According to Bontty, the term Coptic refers to the largest Christian minority in modern Egypt. Coptic comes from the final stage of the ancient Egyptian language, which was spoken from about 3200, B.C. to about the thirteenth century, A.D.
The two-day conference was sponsored by the St. Shenouda the Archmandrite Coptic Society and the Department of Near Eastern Languages and Cultures at UCLA.
Bontty said, "This annual event is open to the general public and gives scholars the opportunity to present the latest research on St. Shenouda, an Egyptian monk and monastic leader who lived from 345 to 465 who has been falsely characterized by some as a harsh, violent, and not particularly intellectually sophisticated individual."
Bontty continued, "Shenouda was fluent in Coptic and Greek and was acquainted with the works of Aristotle and Aristophanes."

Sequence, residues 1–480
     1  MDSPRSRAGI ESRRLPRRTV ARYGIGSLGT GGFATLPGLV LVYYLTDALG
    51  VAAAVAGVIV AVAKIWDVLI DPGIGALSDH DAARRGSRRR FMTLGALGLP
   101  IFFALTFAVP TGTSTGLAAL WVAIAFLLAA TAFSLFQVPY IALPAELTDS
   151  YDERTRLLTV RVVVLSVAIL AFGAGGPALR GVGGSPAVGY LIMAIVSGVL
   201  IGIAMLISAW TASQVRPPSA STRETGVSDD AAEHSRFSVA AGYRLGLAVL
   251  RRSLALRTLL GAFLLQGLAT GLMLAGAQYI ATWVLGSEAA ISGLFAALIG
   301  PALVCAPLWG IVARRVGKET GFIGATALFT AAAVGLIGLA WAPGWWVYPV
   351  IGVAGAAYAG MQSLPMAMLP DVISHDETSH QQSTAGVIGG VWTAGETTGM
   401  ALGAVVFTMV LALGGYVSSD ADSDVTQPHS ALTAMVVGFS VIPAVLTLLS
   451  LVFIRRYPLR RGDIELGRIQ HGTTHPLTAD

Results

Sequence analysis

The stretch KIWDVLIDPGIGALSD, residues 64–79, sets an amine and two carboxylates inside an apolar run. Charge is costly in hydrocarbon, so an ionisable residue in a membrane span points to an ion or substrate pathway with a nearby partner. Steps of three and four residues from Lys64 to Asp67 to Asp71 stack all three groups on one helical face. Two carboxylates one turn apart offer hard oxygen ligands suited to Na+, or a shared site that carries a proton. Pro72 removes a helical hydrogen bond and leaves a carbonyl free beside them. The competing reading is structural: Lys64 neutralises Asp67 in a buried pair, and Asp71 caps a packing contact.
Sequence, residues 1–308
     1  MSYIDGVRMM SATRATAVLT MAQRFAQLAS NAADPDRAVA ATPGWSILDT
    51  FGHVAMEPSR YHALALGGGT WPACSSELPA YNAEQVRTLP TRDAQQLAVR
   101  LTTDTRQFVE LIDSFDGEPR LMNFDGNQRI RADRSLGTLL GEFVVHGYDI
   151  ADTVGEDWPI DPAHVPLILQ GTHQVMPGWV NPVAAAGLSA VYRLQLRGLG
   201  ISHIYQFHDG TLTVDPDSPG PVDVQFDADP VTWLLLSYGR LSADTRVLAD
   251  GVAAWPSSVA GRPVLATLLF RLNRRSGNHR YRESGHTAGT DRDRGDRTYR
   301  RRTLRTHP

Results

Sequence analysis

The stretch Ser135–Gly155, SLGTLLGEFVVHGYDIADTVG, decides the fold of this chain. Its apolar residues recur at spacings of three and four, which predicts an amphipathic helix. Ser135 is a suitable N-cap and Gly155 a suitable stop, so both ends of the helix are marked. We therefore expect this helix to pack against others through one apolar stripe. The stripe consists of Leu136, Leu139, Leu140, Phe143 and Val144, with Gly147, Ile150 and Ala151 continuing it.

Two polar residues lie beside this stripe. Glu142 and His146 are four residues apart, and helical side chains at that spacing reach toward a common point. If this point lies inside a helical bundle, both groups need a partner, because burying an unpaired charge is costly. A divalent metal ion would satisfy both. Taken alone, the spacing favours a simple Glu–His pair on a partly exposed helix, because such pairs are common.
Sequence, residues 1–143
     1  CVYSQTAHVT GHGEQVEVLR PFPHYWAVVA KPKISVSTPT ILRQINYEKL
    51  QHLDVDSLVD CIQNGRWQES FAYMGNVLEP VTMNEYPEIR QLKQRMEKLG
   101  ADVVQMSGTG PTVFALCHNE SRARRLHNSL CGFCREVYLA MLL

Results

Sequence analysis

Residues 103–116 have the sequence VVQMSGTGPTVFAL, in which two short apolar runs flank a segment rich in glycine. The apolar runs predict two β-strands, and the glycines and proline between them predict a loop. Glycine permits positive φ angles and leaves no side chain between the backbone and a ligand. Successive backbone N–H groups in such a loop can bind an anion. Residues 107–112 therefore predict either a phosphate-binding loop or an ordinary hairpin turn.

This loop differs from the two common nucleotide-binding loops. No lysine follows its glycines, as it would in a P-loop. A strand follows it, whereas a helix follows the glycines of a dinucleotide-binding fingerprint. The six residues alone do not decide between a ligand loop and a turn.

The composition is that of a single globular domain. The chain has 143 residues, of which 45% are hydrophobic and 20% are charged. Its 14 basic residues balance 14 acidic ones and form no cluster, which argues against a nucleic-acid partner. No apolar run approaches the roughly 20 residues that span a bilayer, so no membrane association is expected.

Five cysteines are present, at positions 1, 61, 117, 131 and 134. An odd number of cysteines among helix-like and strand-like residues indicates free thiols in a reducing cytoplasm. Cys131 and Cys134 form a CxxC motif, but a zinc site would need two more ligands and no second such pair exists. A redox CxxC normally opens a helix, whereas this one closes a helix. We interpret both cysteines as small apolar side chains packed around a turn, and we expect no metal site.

"He also led a community of male and female monks from 385 to 465…"He wrote prolifically, producing numerous sermons, letters, treatises and monastic rules, which are among the most important written sources for the study of the history, economy and religion of Late Antique Egyptian society."
Bontty suggests that characters such as St. Shenouda and his struggles versus his enemies help keep students engaged, and doing research and participating in conferences, keeps her up-to-date with recent scholarship in their fields and allows them present these discoveries in history courses.
Bontty received her bachelor’s degree in Ancient Near Eastern Civilizations, her master’s degree in Near Eastern Languages and Cultures, and her doctorate in Near Eastern Languages and Cultures with a specialization in Egyptology, all from UCLA. She also took courses in Coptic language at UCLA and in Germany, which triggered her interest in the history of monasticism and St. Shenouda.
"Although my area of expertise is highly specialized (ancient Egyptian hieroglyphs and Coptic languages,) I bring as much of it as I can into the history classroom," says Bontty.
Bontty added that she looks forward to sharing information on Coptic and pharaonic Egypt with ULM students, local schoolteachers, enthusiasts or anyone one else interested in these topics.